Hands-On: One Cartier, Two Cartier, Red Cartier, Blue Cartier.
And green Cartier. The new Tank Musts, oh me, oh my.
We’ve now gotten to the point where blue-chip Swiss watch brands are paying homage to watches born out of the quartz crisis. We’re talking about a time when prestige brands – like Cartier – were fighting to stay alive, and the only thing that could save them was … batteries. Just imagine Rolex releasing a modern Oysterquartz. I’m not saying it couldn’t happen, but it would be wild. In any event, Cartier went this route back in April, when it announced one of its splashiest Watches & Wonders releases: The new line of colorful Tank Musts.
The burgundy, blue, and green Tanks were (and remain) the year’s most talked-about releases. Think about that: Three quartz-powered stainless steel timepieces taking the watch world by storm. That’s the magic of Cartier. The Tank is an iconic design which has withstood over a century of watchmaking developments. As the horological world changed, the Tank both endured and adapted. There’s no better evidence of that adaptation than the original Must de Cartier line which made the brand both accessible and fun at a time when it needed to be both.
As the quartz crisis (or revolution depending on whose side you’re on) ravaged the horological universe, shuttering many established watch brands, Cartier employed the “if you can’t beat ’em, join ’em” offensive. At the time, the brand’s new ownership saw the Tank as the vehicle to turn things around. The result was the Tank Vermeil, otherwise known as the Must de Cartier collection – gold-plated, minimal watches with colored dials. With quartz movements, and a $500 price tag, the collection was a hit – to say nothing of the fact that its styling and colorful offerings were a perfect match for the bright synthesized ’80s. The new Tank Must watches pay tribute to those ’80s models.
The first thing I noticed upon seeing the new colorful Tank Must collection in person was just how minimal the dials are. There are absolutely no markers of any kind – so no points of reference to tell the time.
From a functional standpoint, this is difficult. But one reason it doesn’t bother me too much is actually the quartz movement. You only have to go through setting it once and then it’s good to go (until the battery dies of course).
Historically speaking, the interesting thing about the Must de Cartier line, and these new Tank Must watches, is that they represent the entry-level price point for the brand. I never liked that term, but it’s useful in this context. Just look at the colorful Rolex OP’s released last year. What was once an entry-level watch for the Crown is now one of its most coveted pieces, worn by the likes of LeBron James. Will the King spring for a burgundy Tank Must to compliment his coral OP? At 33.7mm, it’d look teeny on his giant arm. But in some ways that’d make it even cooler.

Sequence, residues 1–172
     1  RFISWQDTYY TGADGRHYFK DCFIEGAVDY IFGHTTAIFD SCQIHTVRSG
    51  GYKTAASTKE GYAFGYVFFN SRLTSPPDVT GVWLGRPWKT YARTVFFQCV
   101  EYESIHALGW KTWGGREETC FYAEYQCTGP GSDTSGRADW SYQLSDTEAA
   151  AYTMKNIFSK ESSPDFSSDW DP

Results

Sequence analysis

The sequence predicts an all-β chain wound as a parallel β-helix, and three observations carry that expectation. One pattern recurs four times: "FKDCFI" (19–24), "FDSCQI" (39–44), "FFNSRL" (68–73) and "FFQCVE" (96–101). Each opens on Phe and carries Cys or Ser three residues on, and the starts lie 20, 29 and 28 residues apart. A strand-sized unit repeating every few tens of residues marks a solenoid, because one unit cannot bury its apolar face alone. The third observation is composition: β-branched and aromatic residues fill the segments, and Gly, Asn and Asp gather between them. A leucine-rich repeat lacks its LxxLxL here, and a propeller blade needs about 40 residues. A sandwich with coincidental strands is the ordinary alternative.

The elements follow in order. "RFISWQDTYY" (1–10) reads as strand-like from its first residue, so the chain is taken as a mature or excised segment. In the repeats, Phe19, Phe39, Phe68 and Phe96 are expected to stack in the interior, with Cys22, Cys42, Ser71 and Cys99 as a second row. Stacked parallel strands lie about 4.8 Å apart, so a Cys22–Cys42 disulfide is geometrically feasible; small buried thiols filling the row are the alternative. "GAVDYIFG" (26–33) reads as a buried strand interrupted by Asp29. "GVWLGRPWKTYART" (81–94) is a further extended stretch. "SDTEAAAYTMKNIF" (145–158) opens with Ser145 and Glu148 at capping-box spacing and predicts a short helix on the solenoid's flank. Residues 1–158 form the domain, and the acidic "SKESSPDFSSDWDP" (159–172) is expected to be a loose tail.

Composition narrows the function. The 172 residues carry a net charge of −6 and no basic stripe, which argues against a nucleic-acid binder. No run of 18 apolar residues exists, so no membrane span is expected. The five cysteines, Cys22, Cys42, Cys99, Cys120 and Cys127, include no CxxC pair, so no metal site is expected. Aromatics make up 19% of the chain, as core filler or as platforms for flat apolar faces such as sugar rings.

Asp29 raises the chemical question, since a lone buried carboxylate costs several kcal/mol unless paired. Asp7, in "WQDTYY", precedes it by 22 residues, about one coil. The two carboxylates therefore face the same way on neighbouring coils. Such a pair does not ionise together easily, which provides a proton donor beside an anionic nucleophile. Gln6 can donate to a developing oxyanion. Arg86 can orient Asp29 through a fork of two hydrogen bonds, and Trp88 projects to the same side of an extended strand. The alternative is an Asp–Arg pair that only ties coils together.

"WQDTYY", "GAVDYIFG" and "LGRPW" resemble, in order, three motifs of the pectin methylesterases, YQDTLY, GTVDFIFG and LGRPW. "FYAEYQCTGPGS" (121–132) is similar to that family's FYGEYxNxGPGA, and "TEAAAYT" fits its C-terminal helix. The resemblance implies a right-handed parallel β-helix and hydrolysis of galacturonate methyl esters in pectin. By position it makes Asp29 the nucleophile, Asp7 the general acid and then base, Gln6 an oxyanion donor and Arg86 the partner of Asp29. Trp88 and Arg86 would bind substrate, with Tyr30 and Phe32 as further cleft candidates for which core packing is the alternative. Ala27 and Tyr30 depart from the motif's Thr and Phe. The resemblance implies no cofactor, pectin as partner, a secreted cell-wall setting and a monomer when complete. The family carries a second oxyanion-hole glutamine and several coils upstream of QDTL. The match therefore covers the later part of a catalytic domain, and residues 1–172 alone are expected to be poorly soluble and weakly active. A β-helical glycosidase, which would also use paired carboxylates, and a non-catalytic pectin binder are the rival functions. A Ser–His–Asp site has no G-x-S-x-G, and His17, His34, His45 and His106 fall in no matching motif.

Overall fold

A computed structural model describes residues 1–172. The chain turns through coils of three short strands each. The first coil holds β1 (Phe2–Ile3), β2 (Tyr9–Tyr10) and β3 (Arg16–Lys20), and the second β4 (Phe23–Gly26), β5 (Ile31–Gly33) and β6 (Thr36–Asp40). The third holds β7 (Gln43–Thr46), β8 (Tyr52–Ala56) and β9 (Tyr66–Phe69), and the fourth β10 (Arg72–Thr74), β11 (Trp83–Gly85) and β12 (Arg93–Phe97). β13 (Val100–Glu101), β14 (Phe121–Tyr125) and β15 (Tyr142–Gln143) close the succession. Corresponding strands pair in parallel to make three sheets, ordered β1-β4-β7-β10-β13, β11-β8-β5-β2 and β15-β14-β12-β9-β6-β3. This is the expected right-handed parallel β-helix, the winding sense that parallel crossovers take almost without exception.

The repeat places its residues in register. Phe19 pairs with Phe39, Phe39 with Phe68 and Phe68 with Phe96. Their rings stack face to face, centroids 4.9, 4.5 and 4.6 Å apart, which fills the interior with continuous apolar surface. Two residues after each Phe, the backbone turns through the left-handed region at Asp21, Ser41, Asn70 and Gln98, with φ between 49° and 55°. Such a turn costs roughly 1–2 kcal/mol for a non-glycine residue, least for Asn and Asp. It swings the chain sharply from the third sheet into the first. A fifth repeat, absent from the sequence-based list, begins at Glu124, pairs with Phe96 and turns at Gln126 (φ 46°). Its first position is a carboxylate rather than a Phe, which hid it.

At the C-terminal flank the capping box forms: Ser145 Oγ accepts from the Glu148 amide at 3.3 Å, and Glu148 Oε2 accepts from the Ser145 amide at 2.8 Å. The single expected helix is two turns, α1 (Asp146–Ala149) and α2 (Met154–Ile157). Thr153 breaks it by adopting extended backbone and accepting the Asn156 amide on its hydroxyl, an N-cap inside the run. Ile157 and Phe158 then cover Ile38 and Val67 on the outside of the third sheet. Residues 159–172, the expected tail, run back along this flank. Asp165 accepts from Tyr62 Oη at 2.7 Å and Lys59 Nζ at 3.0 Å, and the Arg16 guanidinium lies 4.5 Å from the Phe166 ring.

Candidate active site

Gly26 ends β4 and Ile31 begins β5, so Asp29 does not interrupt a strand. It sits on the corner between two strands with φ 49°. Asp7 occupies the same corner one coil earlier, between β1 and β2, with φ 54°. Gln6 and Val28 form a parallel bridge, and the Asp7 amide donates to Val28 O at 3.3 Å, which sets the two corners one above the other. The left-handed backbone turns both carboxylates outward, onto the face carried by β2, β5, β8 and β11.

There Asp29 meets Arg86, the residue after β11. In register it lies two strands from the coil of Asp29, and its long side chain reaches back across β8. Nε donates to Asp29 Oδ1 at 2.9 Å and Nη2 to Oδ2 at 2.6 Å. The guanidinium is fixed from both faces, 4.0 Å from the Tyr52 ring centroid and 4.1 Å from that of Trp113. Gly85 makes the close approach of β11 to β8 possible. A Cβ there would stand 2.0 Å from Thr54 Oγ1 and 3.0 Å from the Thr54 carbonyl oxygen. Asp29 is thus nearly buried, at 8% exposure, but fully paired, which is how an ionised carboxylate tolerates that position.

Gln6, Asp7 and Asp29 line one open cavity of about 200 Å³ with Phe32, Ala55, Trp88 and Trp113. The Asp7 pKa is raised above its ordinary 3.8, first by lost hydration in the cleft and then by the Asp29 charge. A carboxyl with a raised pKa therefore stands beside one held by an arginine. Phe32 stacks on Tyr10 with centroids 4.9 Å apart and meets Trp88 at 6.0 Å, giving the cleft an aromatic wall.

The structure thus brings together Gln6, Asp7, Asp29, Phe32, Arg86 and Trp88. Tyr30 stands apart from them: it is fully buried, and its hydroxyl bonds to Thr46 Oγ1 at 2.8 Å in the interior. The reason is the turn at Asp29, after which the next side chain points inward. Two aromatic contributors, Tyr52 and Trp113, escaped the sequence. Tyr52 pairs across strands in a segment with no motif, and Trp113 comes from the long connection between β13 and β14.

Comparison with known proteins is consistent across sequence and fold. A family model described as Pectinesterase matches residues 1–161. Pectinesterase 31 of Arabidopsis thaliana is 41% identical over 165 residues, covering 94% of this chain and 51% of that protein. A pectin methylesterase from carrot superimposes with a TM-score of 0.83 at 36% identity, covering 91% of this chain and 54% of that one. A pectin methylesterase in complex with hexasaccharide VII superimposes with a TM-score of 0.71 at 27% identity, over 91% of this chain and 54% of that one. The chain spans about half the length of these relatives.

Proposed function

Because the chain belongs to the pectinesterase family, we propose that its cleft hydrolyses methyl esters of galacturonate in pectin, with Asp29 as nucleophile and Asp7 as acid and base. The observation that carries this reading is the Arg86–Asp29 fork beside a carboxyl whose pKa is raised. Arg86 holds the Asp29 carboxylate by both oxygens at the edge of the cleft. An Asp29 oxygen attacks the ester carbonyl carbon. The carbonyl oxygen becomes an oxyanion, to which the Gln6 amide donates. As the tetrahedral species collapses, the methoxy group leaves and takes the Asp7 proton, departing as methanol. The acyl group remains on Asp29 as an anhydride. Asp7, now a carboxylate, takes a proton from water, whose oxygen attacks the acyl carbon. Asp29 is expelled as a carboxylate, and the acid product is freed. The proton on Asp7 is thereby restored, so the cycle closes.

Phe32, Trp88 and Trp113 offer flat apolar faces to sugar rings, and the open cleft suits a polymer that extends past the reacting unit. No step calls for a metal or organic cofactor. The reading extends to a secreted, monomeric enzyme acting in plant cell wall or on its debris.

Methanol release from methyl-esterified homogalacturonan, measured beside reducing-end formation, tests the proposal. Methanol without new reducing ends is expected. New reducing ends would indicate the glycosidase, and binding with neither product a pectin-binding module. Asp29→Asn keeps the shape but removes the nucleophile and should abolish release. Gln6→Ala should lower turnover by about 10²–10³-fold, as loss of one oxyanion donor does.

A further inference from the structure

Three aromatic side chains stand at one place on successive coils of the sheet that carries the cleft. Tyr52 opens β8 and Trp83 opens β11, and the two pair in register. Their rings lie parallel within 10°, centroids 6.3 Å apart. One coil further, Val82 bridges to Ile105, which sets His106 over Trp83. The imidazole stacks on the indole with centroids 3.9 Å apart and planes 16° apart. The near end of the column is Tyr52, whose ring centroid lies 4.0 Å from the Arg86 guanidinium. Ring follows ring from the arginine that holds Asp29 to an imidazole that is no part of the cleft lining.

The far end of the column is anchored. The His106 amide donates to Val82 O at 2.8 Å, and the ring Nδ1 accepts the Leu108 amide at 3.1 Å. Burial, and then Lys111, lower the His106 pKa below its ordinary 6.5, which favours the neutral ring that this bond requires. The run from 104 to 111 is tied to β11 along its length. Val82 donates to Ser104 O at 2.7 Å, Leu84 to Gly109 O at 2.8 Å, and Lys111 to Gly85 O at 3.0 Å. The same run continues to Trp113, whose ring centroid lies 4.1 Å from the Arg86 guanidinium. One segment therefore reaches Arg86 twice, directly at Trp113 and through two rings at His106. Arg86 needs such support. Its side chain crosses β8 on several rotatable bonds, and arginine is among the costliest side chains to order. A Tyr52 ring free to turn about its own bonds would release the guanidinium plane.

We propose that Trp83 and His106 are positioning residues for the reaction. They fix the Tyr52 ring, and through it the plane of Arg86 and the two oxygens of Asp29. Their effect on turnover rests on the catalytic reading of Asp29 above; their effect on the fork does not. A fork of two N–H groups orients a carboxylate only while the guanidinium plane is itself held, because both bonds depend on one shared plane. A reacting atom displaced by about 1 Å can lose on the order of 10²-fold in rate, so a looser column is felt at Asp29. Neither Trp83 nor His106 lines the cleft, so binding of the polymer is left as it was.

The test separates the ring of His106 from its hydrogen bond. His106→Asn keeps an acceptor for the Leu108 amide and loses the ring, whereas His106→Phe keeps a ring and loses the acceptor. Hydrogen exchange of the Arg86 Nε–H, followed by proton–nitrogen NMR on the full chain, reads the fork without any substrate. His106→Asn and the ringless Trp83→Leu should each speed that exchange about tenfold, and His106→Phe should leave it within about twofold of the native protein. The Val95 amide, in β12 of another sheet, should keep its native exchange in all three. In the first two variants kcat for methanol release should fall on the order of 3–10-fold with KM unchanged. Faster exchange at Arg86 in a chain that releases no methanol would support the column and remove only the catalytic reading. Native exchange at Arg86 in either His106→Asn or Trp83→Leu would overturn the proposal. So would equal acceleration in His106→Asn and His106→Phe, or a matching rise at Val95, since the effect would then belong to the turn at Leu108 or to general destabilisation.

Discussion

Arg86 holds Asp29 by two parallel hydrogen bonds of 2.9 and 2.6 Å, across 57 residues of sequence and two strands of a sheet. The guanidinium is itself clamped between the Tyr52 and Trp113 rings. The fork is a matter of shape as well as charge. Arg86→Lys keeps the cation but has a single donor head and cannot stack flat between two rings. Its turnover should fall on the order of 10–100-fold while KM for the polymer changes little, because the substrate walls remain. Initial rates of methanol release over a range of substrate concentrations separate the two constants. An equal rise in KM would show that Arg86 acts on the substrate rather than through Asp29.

The colors of these dials can best be described as rich, which gives them an attention grabbing quality in daylight that will surely get noticed. In low light, these watches take on a subdued elegance. There’s a balance here which makes the watches a treat to wear in any situation.
In terms of case profile and design, this is a Tank, through and through. While each of these colorful dials would have looked great against a gold-plated case, a la the original Must de Cartier, you won’t find that here. Instead the watches are all fashioned from stainless steel – which in turn allows the price to slot in under $3,000.
In the large size (which is still small by modern standards) this is a 33.7mm long case and 25mm wide. One thing I can say is that the case is light, like feather light. The result is an extremely comfortable wearing experience, to the point that you might have to check your wrist more often than usual to make sure you’re wearing a watch at all. A fun part of the wearing experience is the matching straps in burgundy, blue, or green. While I’m partial to the blue model, the burgundy comes in a close second. I suppose that would put the green in third place, but who’s counting? I am apparently.
I do think that the dials are a bit too minimal. Something about the “Must de” text on the older models felt right, and would have looked right at home on these pieces. Another distraction was the length of the minute hand. It just feels shorter than it should be and adds further complexity to the act of telling the time. To round out my list of nit picks: The name Must de Cartier feels special. Tank Must sounds like an incomplete sentence.
Overall, these watches fulfill their purpose – to make Cartier timepieces more fun. I appreciate that they used the iconic Tank to effectuate that process. It’s yet another illustration of the evolution and adaptation of both the model and the brand. While I can absolutely see myself wearing these, I just don’t know if I’d be able to settle on a color. Is it too weird to just get all three?
The Tank Must Monoochrome models. Case size: Large – 33.7mm long x 25mm wide. Sapphire crystal. Quartz movement. Stainless steel case with crown set with a blue synthetic spinel cabochon. Three lacquered dials in burgundy, blue, and green. Matching colored alligator leather straps. Price $2,730. For more, visit Cartier.
Photos: Tiffany Wade